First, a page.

## Tuesday, February 23, 2016

### Day 106: Compound Interest & Vertex->Standard Form

The estimation today was a Yellow Pages phone book. Most students underestimated it. They liked watching the video, and there's always comments about "How much time does he have?" I asked them if they had somewhere to be at the time. Haha. Also, I pointed out that if they were watching carefully, the pages don't start getting numbered until the beginning.

I passed back assessments and reviewed how they were graded. I pointed out common mistakes. A lot of students forgot the negative sign on the decreasing line. Then we went over a homework problem, y=-1/2x+6. I structured our discussion around what format the equation is in, what B meant. We originally learned it as Figure 0, but we now call it y-intercept. M used to be growth factor, and still is in y=mx+b, but we know it's synonym is slope. Students knew slope is the ratio of vertical change over horizontal change. The most concise explanation by students was to go down 1, and over to the right 2. I asked them if 1/-2 was the same as -1/2. They said it looked different, but was still the same because a positive divided by a negative is negative. I showed how slope can get you a point to the left of a point by going backwards and using rise of 1, and run to the left of -2.

Then students analyzed a simple interest and compound interest table. They noticed that simple interest had a constant rate of change, while compound interest had a growth that kept on increasing. They saw this when the graphed a compound interest situation. First they filled out a table, seeing that multiplying by 1.05 would get them 5% interest on the current account balance. It ended up being a curved graph.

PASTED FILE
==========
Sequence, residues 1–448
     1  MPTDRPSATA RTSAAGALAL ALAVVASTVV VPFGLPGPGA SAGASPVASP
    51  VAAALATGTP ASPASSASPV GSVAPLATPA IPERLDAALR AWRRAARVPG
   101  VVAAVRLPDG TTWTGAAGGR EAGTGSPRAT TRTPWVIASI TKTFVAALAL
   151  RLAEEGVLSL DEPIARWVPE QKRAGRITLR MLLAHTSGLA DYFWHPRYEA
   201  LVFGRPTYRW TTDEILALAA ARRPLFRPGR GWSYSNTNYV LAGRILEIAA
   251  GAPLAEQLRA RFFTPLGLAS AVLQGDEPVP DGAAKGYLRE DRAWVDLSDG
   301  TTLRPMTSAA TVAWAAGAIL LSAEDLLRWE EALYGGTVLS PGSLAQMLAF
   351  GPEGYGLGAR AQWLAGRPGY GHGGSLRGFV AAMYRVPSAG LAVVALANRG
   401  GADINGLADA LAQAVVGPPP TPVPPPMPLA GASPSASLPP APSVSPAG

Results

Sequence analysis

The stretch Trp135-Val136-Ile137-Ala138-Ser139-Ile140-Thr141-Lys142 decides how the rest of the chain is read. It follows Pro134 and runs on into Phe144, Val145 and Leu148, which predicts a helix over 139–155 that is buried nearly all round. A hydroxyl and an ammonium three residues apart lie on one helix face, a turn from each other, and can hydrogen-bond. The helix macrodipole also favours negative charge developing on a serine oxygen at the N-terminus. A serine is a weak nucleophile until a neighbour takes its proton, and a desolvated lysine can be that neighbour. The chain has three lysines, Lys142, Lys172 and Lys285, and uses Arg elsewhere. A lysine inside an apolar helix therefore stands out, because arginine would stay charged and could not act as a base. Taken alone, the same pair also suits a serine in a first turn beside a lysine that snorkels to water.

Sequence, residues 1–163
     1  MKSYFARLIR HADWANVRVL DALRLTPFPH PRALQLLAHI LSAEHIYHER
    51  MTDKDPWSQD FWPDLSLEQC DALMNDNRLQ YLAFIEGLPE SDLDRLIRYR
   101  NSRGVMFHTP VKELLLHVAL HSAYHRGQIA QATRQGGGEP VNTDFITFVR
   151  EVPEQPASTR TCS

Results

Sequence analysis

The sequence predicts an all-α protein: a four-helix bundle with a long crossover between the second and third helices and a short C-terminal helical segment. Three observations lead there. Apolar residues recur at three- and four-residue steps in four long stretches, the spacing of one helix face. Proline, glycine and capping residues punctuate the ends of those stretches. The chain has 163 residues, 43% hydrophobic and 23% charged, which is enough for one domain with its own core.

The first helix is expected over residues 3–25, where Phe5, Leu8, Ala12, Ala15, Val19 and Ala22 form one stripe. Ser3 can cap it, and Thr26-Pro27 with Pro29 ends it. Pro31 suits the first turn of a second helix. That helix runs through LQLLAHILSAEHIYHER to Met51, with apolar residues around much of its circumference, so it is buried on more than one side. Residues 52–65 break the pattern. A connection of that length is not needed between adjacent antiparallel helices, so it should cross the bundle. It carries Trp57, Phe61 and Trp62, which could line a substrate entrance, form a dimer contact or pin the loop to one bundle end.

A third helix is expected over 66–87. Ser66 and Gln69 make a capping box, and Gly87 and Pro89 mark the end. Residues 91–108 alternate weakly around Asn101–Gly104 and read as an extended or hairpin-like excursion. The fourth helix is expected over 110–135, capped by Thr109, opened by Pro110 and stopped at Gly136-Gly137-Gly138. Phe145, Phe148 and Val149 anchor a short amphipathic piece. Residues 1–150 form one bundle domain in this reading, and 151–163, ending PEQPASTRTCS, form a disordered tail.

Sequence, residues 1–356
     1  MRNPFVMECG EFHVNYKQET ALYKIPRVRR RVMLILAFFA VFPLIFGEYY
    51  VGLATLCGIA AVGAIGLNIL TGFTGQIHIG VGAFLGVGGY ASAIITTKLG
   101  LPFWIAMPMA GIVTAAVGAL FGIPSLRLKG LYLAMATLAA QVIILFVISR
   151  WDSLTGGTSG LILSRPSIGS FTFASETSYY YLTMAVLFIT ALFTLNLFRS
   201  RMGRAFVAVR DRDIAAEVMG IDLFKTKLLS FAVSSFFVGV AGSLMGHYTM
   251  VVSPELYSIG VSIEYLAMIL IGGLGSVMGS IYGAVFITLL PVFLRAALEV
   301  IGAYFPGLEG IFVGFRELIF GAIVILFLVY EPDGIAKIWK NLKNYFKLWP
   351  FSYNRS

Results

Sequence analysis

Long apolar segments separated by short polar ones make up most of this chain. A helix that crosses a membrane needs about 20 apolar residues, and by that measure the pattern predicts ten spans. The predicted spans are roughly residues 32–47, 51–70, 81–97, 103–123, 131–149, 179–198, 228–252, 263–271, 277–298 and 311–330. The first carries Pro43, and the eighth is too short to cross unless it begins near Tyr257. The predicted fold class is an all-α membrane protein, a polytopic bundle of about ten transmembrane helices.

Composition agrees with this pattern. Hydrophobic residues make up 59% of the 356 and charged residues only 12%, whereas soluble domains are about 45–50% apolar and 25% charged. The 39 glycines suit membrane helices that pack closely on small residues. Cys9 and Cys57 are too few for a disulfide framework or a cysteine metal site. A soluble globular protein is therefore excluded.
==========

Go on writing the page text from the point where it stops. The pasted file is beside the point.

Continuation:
Tomorrow we will analyze how this can be written as a function, and will be their reintroduction to what an exponent is used for.

 Reviewing how to graph y=-1/2x+6. Also showing how to use the equation to solve for the x-intercept by substituting 0 for y.
 Illustrating using slope to go down and up a line.
In accelerated we first reviewed how to find the vertex of a quadratic when the x-intercepts were given. I wanted to review the first step to prove what the x-intercepts were. Students are forgetting to factor out any common factors before they start the factoring process.

Then students worked on converting vertex form to standard form. Many students did not expand (x-2)^2 correctly. They said it was x^2-4. About 70% of the class made this mistake. So, during closure we discussed the mistake and a few students explained how instead of using a generic rectangle to multiply (x-2)(x-2) you can just square the first and last terms to get x squared and positive 4, and the middle terms are x times -2 then double it. That gets you x^2-4x+4.

A lot of students saw how the vertex form gave you the vertex. The number added or subtracted was the y coordinate of the vertex, and the number next to x was the opposite of the x coordinate.

Tomorrow students will practice this more, and also learn a new method for solving for the x intercepts when the equation is in vertex form.

 Homework review. Zero product property.
 Students saw that the vertex was (2,-5) when in this form. They also saw that in standard form it was the same graph as the vertex form.